Date of Award

Spring 1994

Project Type


Program or Major


Degree Name

Doctor of Philosophy

First Advisor

Bud B Khleif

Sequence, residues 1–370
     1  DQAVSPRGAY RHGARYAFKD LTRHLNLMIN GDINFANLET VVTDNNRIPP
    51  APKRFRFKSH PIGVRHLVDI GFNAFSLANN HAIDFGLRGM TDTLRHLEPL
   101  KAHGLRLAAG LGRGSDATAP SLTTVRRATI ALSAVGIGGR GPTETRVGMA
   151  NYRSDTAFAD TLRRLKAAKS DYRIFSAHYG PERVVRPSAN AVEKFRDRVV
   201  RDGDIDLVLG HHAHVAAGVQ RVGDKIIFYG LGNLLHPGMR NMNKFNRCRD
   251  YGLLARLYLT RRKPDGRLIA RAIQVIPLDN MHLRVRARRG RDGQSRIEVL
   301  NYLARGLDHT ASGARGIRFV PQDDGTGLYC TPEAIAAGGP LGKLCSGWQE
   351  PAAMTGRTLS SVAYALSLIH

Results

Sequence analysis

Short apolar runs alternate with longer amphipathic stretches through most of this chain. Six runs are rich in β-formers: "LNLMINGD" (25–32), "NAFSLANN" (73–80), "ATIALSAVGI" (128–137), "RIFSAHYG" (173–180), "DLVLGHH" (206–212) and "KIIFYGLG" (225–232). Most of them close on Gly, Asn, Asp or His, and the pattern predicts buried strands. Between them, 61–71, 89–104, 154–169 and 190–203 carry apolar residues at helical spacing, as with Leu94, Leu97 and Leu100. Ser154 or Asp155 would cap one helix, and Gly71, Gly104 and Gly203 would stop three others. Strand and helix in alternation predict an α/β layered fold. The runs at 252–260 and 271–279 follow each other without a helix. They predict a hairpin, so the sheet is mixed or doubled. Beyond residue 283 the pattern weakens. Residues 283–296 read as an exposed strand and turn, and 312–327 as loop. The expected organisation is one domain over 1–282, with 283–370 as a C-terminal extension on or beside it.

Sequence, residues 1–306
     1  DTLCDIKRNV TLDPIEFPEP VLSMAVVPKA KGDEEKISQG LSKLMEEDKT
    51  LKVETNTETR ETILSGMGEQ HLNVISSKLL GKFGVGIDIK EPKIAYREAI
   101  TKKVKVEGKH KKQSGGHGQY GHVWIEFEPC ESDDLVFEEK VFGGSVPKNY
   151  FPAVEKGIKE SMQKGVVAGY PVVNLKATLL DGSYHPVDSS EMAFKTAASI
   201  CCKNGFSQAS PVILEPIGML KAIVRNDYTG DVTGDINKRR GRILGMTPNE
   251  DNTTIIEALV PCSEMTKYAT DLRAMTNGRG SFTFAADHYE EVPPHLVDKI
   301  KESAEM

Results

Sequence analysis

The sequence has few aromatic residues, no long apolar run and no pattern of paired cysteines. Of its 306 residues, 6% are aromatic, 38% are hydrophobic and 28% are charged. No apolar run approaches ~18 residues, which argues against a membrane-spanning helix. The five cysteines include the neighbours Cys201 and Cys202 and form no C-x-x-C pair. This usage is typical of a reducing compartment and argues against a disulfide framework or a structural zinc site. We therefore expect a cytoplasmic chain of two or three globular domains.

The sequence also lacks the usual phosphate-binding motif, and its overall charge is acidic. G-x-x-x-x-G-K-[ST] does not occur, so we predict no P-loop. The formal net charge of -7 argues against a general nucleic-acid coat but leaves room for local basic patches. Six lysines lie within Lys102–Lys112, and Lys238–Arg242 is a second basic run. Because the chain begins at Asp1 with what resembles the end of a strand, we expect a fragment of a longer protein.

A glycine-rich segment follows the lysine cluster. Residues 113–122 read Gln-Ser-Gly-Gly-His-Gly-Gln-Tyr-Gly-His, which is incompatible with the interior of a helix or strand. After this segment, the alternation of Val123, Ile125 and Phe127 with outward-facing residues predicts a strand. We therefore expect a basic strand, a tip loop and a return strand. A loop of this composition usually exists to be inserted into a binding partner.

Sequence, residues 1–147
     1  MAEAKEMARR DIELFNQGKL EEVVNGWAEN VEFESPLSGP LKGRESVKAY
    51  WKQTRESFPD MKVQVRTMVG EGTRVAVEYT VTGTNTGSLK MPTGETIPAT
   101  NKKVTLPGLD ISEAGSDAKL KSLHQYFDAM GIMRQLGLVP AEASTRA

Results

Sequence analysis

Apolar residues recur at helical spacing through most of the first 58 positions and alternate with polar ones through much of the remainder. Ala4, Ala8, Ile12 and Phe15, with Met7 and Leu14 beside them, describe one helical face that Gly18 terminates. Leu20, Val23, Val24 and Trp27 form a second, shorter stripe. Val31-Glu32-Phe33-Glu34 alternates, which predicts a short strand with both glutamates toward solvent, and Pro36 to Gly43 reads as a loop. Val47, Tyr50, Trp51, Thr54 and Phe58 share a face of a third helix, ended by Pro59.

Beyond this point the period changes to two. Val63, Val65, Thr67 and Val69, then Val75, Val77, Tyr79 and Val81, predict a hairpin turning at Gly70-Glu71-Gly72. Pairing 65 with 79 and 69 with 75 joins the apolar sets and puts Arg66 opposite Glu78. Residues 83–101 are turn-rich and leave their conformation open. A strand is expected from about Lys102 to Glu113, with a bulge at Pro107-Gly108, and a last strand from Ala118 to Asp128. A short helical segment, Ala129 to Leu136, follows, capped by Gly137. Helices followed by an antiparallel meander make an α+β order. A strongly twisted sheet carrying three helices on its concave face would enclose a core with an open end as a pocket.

This dissertation examines the effects of societal, institutional, and structural change on the status of Roman Catholic nuns. Based on interviews with 34 members of female religious orders, archival materials, Church documents, and participant observation, two case study orders (apostolic and cloistered) are compared in terms of structural change since Vatican II and their relative viability in the 1990s. As members of declining organizations, apostolic sisters are reconstructing their roles by drawing upon sources that pre-date formal hierarchical structures, as well as aspects of gender-status. Although active sisters show some congruence with feminist beliefs on work-related issues, other aspects of the feminist agenda are less relevant to them. While both orders exhibit the nurturant and emotive aspects of womanhood in their work, cloistered nuns, living in a sexually-segregated community, draw upon symbols of female physicality to enhance their spirituality. Both groups show congruence with women in other institutionalized roles in terms of gender-affirmation and negotiation of status.